Stitch-opedia by Helen Winthorpe Kendrick book review | Book Addicts

Stich-opedia by Helen Winthorpe Kendrick

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Stitch-opedia by Helen Winthorpe Kendrick is a stitch encyclopedia.  The subtitle is “The only embroidery reference you’ll ever need”.  Well, that’s not true at all.

0 out of 10 stars.  This is a sloppily put-together book.  The stitches are crammed onto a handful of pages with no pictures of where the needle goes in or comes out.  You can only see the front of the end stitch.  That’s it.

I am sewing some kids’ clothes for Christmas, gifts for my nieces and nephews.  They love my mixed-media pieces, so I thought I would give the clothes an added touch with embroidery.  I have four excellent embroidery books, but I was looking for something with some flair and instructions for new stitches.  This book had neither.  It failed on every level.


There are plenty of stitches in this book, but it is certainly not exhaustive.  My Reader’s Digest book has many more stitches.  There are a couple of new patterns, mostly fly stitches in groupings, but the rest is the same old stitches.


Any kind of instruction book with needlepoint stitches should show where the needle goes into the fabric and where it comes out.  The back of the piece should be as pretty as the front and there are ways to hide the end threads.  This book doesn’t do that.  It shows the front of the stitches only and only the end result.  You don’t even see the various steps.  So there’s really no instruction at all.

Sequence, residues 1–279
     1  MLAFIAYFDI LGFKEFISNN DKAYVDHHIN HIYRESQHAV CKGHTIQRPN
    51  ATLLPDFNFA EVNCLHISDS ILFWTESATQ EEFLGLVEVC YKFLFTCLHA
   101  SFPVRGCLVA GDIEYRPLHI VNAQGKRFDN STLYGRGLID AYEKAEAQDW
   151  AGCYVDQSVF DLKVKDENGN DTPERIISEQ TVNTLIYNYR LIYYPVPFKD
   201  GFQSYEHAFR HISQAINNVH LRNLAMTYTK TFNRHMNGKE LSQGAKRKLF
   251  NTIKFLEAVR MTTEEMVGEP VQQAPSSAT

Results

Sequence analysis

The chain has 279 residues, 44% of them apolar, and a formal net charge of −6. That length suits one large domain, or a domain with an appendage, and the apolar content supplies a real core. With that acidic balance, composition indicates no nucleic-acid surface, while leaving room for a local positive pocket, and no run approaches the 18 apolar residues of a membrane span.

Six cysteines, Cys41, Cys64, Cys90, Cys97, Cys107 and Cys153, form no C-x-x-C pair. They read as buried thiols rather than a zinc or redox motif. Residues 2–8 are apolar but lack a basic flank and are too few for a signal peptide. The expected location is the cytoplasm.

Stitch books also have samples of work with those stitches used.  There were only a few in this book and they weren’t particularly attractive.  There were no samples either.  A sampler is one piece of stitchery that uses all of the stitches described.  Sometimes it’s an alphabet.  Other times it’s a scene of some kind.  Most people buy stitching books and make the sampler inside to learn the new stitches.  This book is missing that.

Stretching and Framing

The stretching and framing section was entirely too small.  This is a major part of stitching because there are different ways to get your stitches onto fabric.  You can trace them, use waste canvas, use aida cloth, etc.  Each version requires a different type of stretching and framing.  I know how to do this already but any stitch encyclopedia should have a large section on this and this book has only four pages.  🙁


What was really annoying about this book was the self-promotion.  The photos of art exhibits in the book were all from the author.  They weren’t particularly talented or attractive or art-worthy.

0 out of 10 stars.  This was a really disappointing book.


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